Well, what do you make of that?
A hung parliament and nobody is quite sure why, how or what really happened.
One thing’s for sure. The pound wasn’t happy, falling 2.5%:
It’s difficult to make sense of what happened, let alone what the aftermath means for you. Let’s take stock of what was noteworthy and then try and make sense of it.
Hung parliaments and weak majorities are usually a good thing. They slow down politicians and restrict them to policies that are less controversial. But this election is an exception. And not just because Brexit is on the horizon.
We got the wrong sort of hung parliament
The election saw a huge strengthening of the two major parties and a hung parliament in the same vote. Has that happened before? Surely a strengthening of major parties would usually come with a more decisive victory. After all, the reverse is true. Gains by smaller parties increase the likelihood of a hung parliament.
If you take a look at the dramatic surge of the Labour Party in the polling data, you have to conclude that something very big happened early April. Since then, it’s made steady gains. The key date is the day the election was called. From that point on, Labour surged from 25% to almost 37% based on an average of ten polls. In the end, it extended its share of the vote to 40% – 5% better than Tony Blair in 2005.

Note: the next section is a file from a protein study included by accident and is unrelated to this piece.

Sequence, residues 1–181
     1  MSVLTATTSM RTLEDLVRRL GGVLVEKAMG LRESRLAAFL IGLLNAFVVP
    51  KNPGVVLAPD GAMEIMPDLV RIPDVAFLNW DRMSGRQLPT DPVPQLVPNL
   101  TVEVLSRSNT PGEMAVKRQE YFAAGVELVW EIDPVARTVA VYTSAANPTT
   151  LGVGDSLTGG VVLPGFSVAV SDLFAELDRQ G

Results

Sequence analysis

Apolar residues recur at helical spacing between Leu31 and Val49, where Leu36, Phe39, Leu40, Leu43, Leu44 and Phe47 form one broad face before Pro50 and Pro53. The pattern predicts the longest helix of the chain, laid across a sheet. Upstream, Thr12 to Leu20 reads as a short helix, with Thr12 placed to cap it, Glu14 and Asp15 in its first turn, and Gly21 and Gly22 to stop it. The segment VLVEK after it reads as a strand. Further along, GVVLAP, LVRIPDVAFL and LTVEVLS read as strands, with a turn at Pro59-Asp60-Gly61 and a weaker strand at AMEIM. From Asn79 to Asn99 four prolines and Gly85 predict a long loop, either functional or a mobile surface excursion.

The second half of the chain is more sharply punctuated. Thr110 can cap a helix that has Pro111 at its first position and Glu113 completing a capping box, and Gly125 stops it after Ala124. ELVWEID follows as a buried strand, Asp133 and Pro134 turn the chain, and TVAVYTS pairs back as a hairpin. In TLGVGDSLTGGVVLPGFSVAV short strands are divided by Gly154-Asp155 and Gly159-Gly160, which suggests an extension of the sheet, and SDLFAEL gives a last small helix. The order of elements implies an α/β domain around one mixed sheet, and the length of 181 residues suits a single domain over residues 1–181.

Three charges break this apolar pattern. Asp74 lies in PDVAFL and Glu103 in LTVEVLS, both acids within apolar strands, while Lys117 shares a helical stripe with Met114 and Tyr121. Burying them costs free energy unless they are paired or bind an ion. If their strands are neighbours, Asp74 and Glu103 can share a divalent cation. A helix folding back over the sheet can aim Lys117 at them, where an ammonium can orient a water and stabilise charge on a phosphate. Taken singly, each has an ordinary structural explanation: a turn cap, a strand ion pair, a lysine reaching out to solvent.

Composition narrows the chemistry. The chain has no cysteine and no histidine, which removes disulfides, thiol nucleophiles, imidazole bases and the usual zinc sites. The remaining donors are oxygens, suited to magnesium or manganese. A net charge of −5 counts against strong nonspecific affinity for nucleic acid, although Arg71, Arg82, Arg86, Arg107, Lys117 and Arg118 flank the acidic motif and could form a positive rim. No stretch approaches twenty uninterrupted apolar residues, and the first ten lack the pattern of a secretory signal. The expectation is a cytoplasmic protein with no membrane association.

Was the key decision of the campaign calling an election in the first place?
Maybe. But the Conservative share of polls only tumbled from May, the month, when the other May released her manifesto. That was a well publicised shemozzle.
There must be dozens of alternative theories for what happened out there.
Another interesting possibility is ideology. Jeremy Corbyn was big on ideology while May kept quiet and staked out a more pragmatic and mixed approach. This is odd in the wake of the Brexit referendum, when ideology and symbolism drove the country to a remarkable vote.
May’s failure to properly debate with her opponents seemed to work on everyone but Corbyn. Or perhaps it was simply her bizarre policies that sunk the campaign.
And what happened to the anti-Brexit protest vote? Surely the minor parties should’ve done very well on that. Especially since Labour decided to accept Brexit. This was the Lib Dems’ big opportunity! Instead they evaporated.
Another theory that keeps popping up is all about Ukip. Its voters didn’t turn to the Tories as expected. Although I’ve yet to see any evidence of this, it does explain a part of what happened.
The latest news is that May’s cabinet is going to have to give concessions to both the hard and soft Brexit camps if she wants to remain in power. Brexiteer Michael Gove is in the cabinet and the Northern Irish Democratic Unionist Party is part of the coalition too.
Good luck keeping everyone happy, Theresa.
Until next time,
Capital & Conflict